Sunderland wait on Bruce after job offer

Sunderland were last night awaiting Steve Bruce's reply to their offer of a contract at the Stadium of Light. Bruce met Niall Quinn in Dublin on Monday night for the first time since Wigan Athletic granted Sunderland permission to speak to Bruce and the two clubs agreed compensation. The length of the contract offered is unknown.

Bruce is considering the offer. He is expected to accept and may be unveiled today as Sunderland's new manager. But with Bruce bringing assistant Eric Black and goalkeeping coach Nigel Spink with him, there is more than one deal to be finalised. Bruce is handsomely rewarded by Wigan for keeping them in the Premier League but Sunderland are more ambitious than that as of next season and his contract offer may reflect that.

Should he accept there is a growing belief that Bruce will try to take Lee Cattermole with him to Sunderland. Bruce thinks highly of the 21-year-old midfielder and he is the type of feisty player Sunderland lack. Bruce made Cattermole captain of Wigan aged 20.

A product of Middlesbrough's academy, Cattermole was sold by Boro for £3.5m last summer. He had a successful first season at Wigan, though one tarnished by reckless tackles on two Newcastle players, Habib Beye and Joey Barton. But it is thought Cattermole would relish a move back to the North-east.

Salid Moallem leans forward in the armchair of the Paris Intercontinental Opera. "It's all on the record," he snaps. It usually is. The Syrians can be up- front when you least expect it. Syria's Foreign Minister is one of their top negotiators, a man who knows Israel's diplomats almost as well as they know themselves, who understands all the traps of the Middle East.

Tell me who murdered Rafiq Hariri, I ask him. And Mr Moallem grins bleakly and reaches into his jacket pocket. His beefy hand emerges clutching a wad of pale green Syrian hundred-pound notes. "Tell me the answer and you can take all my money," he says. He may see evil among Syria's enemies but he will speak no evil, certainly not of the French. "We are building trust with the French," he says. Syria is ready to co-operate on the prevention of illegal immigration, against "what you in the West call 'terrorism'" and opening a developed economic partnership. And Mr Moallem can be a bit preachy into the bargain."You in the West have a moral duty in Europe to educate the United States more about the Middle East. If they don't listen to you, they will not listen to us. They will continue withcan be a bit preachy into the bargain."You in the West have a moral duty in Europe to educate the United States more about the Middle East. If they don't listen to you, they will not listen to us. They will continue with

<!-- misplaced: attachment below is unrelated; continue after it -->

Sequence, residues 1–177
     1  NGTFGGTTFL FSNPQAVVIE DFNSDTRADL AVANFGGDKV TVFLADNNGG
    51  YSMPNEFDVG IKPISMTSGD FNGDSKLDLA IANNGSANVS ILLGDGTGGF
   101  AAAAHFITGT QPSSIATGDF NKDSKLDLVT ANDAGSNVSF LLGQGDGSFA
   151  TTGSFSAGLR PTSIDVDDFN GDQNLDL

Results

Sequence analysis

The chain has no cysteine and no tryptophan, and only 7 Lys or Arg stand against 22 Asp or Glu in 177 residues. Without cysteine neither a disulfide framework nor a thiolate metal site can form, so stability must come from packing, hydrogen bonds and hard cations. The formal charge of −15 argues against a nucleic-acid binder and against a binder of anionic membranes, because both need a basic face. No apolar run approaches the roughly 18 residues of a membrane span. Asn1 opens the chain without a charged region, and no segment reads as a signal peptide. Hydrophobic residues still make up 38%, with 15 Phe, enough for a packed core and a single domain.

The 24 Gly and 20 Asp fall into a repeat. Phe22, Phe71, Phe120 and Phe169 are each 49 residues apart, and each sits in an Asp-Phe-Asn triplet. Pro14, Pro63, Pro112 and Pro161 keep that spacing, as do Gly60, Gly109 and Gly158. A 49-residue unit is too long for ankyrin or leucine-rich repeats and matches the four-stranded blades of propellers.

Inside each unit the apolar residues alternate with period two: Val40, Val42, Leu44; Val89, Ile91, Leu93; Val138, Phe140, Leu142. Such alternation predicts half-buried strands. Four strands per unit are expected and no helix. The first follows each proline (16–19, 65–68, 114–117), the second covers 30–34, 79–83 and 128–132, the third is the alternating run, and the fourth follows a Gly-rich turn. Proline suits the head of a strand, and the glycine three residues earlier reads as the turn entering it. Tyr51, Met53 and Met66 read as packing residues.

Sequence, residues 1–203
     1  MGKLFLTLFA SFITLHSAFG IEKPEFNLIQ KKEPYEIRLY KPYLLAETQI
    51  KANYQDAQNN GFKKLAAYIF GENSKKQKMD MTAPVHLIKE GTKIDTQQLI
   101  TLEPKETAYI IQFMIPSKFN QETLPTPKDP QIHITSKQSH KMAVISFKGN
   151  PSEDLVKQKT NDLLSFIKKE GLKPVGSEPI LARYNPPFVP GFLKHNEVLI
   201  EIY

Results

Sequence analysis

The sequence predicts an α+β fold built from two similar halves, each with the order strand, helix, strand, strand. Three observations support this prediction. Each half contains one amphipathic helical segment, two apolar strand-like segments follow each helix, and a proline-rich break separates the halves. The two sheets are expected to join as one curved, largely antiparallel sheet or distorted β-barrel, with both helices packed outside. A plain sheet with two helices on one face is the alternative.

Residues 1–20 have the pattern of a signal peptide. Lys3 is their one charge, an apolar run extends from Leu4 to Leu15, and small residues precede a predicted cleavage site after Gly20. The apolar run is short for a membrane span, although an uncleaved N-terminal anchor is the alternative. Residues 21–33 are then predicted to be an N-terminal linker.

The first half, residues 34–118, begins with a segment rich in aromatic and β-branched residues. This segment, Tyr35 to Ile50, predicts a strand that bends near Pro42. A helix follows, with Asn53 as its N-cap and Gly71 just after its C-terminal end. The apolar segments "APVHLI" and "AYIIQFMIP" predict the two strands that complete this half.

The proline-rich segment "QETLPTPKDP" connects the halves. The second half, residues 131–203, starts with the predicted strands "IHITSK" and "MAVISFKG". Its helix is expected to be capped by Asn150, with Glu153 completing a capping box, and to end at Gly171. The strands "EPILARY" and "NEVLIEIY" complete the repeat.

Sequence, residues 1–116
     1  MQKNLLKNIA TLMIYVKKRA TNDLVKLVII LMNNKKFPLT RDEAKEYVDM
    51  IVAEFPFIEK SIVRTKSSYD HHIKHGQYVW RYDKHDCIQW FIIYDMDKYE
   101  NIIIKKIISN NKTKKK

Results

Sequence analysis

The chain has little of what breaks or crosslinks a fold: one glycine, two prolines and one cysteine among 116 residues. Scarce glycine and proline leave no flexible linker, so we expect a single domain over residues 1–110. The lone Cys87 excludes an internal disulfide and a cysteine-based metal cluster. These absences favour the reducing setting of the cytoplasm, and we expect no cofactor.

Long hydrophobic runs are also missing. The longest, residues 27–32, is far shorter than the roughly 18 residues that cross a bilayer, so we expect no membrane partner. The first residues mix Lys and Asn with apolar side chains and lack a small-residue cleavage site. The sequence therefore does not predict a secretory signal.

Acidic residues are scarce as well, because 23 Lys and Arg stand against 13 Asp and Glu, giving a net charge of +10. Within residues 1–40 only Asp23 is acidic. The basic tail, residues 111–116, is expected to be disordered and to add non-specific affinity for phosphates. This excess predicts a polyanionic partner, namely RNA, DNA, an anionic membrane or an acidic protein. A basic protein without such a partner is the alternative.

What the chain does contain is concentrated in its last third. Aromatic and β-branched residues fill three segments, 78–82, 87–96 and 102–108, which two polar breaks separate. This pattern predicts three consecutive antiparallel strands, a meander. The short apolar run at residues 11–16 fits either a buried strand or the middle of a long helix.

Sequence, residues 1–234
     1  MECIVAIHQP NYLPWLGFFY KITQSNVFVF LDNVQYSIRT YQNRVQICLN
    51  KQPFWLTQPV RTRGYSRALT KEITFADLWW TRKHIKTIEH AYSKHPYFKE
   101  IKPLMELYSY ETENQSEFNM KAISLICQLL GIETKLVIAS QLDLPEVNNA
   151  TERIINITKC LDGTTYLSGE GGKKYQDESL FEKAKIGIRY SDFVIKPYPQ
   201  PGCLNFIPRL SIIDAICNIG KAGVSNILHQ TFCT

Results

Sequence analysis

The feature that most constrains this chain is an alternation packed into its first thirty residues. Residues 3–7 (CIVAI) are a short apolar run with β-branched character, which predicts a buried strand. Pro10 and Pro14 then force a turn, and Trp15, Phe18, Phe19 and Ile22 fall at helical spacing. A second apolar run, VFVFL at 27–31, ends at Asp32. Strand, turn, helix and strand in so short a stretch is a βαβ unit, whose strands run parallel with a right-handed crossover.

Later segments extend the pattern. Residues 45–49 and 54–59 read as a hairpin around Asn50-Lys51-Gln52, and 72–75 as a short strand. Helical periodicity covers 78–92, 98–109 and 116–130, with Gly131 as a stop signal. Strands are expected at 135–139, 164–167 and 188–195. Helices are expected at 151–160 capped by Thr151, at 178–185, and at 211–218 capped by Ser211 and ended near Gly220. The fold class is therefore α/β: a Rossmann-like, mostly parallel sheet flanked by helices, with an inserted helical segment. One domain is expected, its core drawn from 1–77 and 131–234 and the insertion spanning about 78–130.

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<b>Kathryn Williams</b>
</p>
<p>
When I was supporting Ray La Montagne I was six months pregnant. He had been touring for a year and he was exhausted and full of the cold. I was feeling motherly, so I would leave presents for him and his band: Tunnock's Tea Cakes, cold remedies and proper tea. Ray seemed painfully shy. He hardly spoke, hardly looked at you in the face. I felt like a dick speaking to him, but said "hi" every day. </p>
<p>
He was being courted by the same record company who had signed me and subsequently let me go, and I wanted him to know that there were people around who didn't want anything from him. At the Shepherds Bush Empire in London, on the last night of the tour, Ray stopped in his set to thank me for doing the support. He said I was a really good songwriter and people should buy my stuff. I was taken aback and felt emotionally overwhelmed. Later that year, just before I had my boy Louis, I was l asleep in bed with Radio 4 on when Louis moved around in my belly and woke me up. Ray was doing a session on the World Service. </p>
<p>
I really believe that Louis recognised the music from the tour, and when I gave birth to him at home I played Ray's record as something that he would recognise to come into the world with. </p>
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